With the most recent news about Sony’s hacking (just the latest in what seems like weekly headlines of hacking), I wonder how do other companies address security? I know that Utility companies and government agencies are required by regulations to be more stringent about security, but what about other organizations?
My experience has been that the focus is primarily on new features and getting those new features into production as quickly as possible. If security wasn’t in the original requirements or specifications, chances are that it was not addressed or possibly not even thought about. This could open your website or WCMS up for attacks.
For those companies that do take steps to try to keep their website secure, they typically run some canned security scan which checks for cross-site scripting (XSS) and SQL injection. That’s definitely a good place to start. What about application servers like CQ5? The standard SQL injection tests aren’t likely to occur, but that doesn’t mean that your CRX repository is safe from being queried. Why? Because CQ5 comes with an out of the box query selector which allows queries to be sent via HTTP requests. If this query isn’t properly blocked, any data in your CRX repository could be exposed. This includes user names, encrypted passwords, and custom source code.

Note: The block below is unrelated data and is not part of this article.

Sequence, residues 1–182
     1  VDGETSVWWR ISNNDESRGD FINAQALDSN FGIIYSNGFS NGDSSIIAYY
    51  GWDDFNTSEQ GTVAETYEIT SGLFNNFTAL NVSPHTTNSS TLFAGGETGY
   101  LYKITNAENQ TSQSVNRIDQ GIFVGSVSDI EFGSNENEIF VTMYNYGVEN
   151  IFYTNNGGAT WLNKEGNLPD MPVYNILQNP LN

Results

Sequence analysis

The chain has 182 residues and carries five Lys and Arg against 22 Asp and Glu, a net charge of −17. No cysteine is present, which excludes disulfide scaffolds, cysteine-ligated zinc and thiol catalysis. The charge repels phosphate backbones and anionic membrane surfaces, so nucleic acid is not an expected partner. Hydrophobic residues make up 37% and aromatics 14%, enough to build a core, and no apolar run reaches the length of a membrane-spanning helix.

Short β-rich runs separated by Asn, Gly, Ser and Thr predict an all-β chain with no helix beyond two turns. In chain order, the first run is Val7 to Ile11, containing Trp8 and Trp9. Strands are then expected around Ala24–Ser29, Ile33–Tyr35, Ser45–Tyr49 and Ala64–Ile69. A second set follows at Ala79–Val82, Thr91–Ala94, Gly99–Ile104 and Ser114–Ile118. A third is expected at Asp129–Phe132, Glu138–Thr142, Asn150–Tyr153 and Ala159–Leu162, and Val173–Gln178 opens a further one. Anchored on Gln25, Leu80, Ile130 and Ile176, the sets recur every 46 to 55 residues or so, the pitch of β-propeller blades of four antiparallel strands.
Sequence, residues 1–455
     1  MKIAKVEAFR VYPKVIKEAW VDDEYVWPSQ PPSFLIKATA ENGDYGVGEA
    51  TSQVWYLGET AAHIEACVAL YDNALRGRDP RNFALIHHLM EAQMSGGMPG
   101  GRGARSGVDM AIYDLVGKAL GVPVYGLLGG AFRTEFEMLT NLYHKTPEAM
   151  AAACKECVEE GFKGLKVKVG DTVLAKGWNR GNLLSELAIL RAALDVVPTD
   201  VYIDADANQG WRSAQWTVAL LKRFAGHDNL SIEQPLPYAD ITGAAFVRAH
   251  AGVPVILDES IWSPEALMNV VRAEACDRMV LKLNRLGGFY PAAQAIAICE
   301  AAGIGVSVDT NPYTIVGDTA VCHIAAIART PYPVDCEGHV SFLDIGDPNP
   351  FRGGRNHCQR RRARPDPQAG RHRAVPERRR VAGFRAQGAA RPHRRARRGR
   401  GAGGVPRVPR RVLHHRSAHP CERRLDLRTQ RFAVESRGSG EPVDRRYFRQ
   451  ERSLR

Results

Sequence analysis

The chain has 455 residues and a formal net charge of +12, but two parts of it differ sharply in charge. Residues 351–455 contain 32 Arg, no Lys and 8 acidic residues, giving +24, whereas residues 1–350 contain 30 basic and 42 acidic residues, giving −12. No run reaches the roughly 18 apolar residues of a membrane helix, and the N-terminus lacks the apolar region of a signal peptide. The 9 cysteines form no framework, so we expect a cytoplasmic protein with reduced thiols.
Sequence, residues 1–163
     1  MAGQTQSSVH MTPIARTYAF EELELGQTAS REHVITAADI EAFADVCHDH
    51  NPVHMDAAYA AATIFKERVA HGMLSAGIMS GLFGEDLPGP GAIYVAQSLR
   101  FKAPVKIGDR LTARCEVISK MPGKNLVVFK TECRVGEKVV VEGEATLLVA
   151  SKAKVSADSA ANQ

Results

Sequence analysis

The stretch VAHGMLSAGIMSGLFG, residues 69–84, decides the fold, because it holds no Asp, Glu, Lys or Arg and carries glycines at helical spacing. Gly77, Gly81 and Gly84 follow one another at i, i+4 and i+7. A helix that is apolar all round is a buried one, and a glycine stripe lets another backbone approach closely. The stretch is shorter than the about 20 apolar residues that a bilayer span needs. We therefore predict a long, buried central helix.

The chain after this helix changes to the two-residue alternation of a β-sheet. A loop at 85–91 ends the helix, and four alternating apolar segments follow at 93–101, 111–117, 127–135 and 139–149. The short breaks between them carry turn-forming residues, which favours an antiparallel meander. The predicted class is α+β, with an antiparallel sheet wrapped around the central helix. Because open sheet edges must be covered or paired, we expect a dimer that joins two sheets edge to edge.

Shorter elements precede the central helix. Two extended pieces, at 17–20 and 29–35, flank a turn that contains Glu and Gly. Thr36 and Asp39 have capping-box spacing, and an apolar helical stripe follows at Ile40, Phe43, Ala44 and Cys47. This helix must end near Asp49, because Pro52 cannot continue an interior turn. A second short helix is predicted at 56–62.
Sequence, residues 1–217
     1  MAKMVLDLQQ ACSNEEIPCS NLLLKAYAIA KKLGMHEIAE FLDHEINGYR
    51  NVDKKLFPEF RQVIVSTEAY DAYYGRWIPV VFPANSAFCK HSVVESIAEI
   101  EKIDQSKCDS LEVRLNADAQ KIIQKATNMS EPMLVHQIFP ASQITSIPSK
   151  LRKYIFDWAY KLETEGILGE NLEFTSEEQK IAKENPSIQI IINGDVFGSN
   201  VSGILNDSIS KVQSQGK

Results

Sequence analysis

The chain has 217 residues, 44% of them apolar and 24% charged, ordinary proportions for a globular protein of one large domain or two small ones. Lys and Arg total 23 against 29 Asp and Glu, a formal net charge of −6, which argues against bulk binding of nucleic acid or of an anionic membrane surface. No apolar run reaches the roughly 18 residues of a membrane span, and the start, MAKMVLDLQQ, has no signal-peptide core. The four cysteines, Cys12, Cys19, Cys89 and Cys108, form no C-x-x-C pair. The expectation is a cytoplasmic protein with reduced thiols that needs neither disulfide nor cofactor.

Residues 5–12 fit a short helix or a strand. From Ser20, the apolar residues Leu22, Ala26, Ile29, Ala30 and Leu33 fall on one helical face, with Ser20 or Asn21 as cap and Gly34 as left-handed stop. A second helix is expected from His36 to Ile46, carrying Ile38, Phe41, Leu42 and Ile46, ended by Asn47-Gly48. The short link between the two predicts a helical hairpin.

We, at Zap Technology Solutions, have created a security scanner which is specifically geared toward scanning CQ5/AEM-driven websites. It’s not a replacement for the scans that check for XSS or SQL injection, it’s a supplemental scan to specifically look for security issues that could be present on CQ5/AEM-based sites.
If you’re curious about your organization’s CQ5-based website’s security, scan it for FREE at http://scan.zapts.com. You may be surprised at the results.
After scanning your site, we’re happy to assist with analyzing the scan’s results and talk about ways to close the security holes that are found.